Three-dimensional architecture of the outer hair cell lateral wall as determined by electron tomography
Triffo, William Jeffrey
Raphael, Robert M.
Doctor of Philosophy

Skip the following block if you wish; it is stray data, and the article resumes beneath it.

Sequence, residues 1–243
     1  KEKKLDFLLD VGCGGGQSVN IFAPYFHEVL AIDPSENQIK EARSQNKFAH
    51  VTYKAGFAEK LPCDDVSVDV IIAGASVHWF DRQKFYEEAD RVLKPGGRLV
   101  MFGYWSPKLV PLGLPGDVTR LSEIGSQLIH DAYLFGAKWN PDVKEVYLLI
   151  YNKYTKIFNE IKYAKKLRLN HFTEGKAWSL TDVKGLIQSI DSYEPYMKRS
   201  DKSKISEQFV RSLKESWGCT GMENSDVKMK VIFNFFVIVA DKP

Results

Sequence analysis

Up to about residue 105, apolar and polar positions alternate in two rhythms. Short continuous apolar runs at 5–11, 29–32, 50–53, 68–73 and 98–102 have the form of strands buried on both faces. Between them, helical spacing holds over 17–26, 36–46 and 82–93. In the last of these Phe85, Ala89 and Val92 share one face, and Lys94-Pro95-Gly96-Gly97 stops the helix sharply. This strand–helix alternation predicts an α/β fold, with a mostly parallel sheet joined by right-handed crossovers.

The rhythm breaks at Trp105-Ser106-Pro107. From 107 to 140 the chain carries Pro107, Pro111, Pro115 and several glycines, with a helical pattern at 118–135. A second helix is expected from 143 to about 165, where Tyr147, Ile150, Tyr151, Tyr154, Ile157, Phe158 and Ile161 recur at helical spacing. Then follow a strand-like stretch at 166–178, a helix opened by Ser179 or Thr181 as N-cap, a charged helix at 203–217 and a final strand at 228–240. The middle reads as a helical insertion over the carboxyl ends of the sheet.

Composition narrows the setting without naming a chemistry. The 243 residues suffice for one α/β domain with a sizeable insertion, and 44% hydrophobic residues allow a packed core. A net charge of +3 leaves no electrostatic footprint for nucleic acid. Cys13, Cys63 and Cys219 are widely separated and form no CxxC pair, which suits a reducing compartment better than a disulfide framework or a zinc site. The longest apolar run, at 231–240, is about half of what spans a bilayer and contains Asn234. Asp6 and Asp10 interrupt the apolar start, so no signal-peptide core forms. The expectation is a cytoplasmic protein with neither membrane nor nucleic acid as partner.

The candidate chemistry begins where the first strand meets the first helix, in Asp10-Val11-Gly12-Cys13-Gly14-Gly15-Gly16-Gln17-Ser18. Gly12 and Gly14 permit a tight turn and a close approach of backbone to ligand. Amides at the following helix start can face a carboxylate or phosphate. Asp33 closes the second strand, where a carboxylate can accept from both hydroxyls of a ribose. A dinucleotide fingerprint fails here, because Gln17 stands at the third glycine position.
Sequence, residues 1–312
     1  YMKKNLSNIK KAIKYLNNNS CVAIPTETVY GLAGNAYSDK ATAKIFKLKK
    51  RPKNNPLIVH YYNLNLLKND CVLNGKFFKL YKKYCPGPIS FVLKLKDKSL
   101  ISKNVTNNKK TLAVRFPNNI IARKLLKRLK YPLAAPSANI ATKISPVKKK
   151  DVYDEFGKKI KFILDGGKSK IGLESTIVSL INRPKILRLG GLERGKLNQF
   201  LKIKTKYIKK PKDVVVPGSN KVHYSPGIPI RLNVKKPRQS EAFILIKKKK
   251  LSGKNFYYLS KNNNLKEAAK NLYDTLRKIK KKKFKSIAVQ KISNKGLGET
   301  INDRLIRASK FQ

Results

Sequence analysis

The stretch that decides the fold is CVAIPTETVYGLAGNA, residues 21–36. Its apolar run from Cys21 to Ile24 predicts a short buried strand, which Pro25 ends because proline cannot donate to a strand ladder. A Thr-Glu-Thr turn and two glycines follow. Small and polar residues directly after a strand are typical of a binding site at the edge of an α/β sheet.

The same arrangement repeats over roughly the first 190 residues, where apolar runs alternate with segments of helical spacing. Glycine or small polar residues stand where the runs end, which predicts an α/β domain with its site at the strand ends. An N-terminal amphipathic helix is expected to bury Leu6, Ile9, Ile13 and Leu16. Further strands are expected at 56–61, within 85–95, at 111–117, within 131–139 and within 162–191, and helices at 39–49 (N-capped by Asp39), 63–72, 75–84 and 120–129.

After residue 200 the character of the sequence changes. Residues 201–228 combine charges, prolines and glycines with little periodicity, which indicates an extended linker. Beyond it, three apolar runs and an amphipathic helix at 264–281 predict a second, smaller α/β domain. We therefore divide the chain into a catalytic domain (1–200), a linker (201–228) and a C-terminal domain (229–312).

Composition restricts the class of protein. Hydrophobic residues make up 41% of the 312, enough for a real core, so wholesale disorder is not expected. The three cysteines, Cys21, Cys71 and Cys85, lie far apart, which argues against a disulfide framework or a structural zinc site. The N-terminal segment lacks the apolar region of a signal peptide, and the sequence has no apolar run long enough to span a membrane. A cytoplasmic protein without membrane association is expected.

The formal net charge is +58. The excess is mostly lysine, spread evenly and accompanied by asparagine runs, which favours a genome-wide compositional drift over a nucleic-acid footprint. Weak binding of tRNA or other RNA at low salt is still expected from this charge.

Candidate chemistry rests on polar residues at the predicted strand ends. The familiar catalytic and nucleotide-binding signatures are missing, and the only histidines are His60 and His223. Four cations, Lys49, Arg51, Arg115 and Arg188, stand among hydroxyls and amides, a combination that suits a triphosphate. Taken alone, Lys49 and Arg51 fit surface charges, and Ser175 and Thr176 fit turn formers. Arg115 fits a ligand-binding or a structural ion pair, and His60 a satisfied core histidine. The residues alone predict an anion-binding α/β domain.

Cochlear outer hair cells (OHCs) are understood to provide the basis for mechanical amplification in the cochlea through electromotility, a phenomenon in which OHCs change length in response to variations in transmembrane voltage. Thus, study of peripheral hearing and cochlear function is linked to analysis of the OHC's operation as a mechanical actuator. A complete understanding of OHC mechanics depends on precise knowledge of intracellular structure, and efforts to model OHC physiology are likewise limited to the fidelity of known intracellular geometry. Previous studies have localized the mechanism of OHC electromotility to the cortex of the OHC, referred to as the lateral wall. The lateral wall can be viewed as a trilaminate composite made up of (1) the plasma membrane (PM), (2) a network of actin and spectrin termed the cortical lattice, and (3) lamellar stacks known as the subsurface cisternae (SSC). 3D study of lateral wall components in intact cells would augment the existing model, which relies in part on 2D data obtained from partially extracted cell preparations. Electron tomography utilizes a series of transmission electron microscopy projections from a tilted sample to reconstruct a volume density map, imaging macromolecular assemblies in their native cellular context. We began by evaluating TEM sample preparation methods, beginning with conventional aldehyde fixation protocols and progressing to high-pressure freezing and freeze-substitution (HPF/FS), which required development of new methodology for application to OHCs. Using HPF/FS cochlear samples from guinea pig, we employed electron tomography to study the 3D structural relationship of the PM, cortical lattice, and SSC. We observed and characterized novel structure within the SSC membrane and lumen, and also observed physical connections between the circumferential actin filaments and the SSC. Combined with the pillar proteins that join the PM and cortical lattice, these actin-SSC connections provide mechanical coupling between the PM and underlying SSC, which has direct implications for current models of OHC motility.